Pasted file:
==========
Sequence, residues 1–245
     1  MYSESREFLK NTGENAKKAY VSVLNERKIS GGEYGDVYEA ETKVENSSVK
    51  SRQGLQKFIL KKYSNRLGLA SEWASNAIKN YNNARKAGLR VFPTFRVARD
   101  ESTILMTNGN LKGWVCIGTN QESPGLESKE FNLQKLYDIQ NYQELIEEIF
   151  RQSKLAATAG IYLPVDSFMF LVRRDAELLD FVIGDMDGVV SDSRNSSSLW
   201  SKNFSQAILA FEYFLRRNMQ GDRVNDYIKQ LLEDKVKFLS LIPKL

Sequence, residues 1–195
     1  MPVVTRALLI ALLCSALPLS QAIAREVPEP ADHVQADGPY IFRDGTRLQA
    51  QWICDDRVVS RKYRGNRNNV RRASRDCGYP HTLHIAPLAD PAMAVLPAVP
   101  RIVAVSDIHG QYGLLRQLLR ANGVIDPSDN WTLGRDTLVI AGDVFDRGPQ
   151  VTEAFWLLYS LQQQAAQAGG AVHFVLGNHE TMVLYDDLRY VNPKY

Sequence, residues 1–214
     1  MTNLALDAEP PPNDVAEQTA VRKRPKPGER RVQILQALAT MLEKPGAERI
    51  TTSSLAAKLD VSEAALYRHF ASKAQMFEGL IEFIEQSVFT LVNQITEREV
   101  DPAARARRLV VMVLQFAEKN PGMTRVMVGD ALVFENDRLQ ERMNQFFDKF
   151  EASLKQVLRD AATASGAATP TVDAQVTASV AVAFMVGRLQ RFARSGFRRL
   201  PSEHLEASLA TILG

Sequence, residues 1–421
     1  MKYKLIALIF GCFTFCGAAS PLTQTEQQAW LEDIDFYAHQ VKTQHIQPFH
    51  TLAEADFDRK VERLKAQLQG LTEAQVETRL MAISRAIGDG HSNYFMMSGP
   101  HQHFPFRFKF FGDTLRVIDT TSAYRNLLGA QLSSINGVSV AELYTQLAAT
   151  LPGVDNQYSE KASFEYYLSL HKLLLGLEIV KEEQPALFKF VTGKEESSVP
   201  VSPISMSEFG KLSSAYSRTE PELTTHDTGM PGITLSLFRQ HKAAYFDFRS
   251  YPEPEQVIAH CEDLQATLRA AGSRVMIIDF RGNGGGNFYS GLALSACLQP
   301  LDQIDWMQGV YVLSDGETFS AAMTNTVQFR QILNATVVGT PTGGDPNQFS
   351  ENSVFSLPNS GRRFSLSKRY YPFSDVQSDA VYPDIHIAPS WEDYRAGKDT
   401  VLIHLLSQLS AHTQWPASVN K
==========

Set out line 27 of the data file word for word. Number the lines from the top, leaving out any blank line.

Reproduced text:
   401  VLIHLLSQLS AHTQWPASVN K